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Posted: July 14th, 2023
Impact of Physical Environmental Modifications on Falls Among Elderly Individuals in Long-Term Care Facilities
MNS Capstone Project
Final Grade: 96 points. Thank you!
Great proposal! I agree that creating an appropriate physical environment for the patients is important. Just make sure you don’t have the need for a financial component. You can analyze the physical environment and provide feedback to your stakeholders. In your final Capstone, you will explain how you will present it to your stakeholders. I look forward to your final Capstone.
Title: Impact of Physical Environmental Modifications on Falls Among Elderly Individuals in Long-Term Care Facilities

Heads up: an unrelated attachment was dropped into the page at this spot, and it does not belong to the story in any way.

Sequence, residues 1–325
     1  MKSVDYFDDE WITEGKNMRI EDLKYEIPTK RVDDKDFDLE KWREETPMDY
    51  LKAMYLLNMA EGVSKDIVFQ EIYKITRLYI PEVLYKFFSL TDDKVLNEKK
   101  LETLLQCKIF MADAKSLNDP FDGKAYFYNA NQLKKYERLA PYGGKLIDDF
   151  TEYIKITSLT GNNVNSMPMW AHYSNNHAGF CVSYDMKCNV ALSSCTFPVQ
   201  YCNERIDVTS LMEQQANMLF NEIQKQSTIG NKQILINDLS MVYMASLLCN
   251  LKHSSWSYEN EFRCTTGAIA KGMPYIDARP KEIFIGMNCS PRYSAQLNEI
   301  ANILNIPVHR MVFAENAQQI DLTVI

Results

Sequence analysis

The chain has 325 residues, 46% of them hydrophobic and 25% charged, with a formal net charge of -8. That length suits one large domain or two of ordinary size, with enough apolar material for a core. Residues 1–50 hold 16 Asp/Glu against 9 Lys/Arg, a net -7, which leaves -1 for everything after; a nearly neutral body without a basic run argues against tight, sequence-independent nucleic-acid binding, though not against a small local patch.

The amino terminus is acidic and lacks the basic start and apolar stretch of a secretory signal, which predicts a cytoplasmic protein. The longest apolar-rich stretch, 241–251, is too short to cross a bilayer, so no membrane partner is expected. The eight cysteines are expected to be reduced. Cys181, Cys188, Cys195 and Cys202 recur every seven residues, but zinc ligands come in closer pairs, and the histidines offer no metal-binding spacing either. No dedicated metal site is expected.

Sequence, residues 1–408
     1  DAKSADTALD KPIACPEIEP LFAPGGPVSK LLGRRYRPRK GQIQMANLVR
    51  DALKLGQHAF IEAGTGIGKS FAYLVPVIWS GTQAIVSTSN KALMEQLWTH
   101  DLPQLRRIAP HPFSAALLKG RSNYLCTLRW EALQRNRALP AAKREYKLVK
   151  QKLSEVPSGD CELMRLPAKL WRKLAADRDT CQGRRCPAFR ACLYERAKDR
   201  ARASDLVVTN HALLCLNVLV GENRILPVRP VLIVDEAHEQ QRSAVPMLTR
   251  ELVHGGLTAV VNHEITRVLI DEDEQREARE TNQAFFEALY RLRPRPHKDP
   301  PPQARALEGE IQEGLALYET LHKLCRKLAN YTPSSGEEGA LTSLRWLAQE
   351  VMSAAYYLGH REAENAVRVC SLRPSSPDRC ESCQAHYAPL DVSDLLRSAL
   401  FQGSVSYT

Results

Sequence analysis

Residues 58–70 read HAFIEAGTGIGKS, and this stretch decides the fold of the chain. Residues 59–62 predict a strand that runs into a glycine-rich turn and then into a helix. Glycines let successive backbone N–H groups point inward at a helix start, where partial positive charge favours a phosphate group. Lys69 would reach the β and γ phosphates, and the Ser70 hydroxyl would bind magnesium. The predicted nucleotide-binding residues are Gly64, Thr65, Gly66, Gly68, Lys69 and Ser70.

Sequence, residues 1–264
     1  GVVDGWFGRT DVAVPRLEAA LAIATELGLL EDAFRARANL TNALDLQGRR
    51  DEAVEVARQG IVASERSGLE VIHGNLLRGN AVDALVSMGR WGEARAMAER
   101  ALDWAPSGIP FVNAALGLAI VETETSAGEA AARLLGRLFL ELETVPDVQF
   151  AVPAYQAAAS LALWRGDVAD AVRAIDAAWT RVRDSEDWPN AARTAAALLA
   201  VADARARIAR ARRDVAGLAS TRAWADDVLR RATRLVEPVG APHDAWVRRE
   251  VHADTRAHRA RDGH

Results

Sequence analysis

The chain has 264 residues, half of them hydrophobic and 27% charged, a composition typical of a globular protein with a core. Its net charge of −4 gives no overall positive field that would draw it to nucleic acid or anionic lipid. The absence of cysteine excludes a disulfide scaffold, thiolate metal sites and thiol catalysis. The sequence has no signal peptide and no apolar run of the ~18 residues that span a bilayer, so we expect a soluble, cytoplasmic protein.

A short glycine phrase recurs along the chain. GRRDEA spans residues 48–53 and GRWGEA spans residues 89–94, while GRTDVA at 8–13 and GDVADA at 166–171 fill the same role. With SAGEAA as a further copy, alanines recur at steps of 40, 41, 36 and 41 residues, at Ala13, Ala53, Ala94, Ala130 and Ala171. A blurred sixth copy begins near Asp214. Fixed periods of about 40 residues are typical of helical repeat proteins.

An important medical challenge is the rising incidence of falls among the older population in institutional settings. The effects of falls in this population are widespread, affecting individuals, communities, healthcare expenditures, quality of life, and readmission rates. One in four Americans aged 65 and over falls each year, leading to emergency room visits and over 800,000 annual inpatient stays (CDC, 2021). Falls are the most common cause of injury-related deaths and non-fatal injuries among the elderly, contributing to functional decline, loss of independence, and lower quality of life. Age, chronic illness, medication use, and limited mobility all contribute to an already high risk of falls for residents of long-term care institutions. Environmental hazards such as slippery flooring, poor lighting, a lack of handrails, and others further contribute to an unsafe atmosphere that increases the likelihood of falls within these facilities.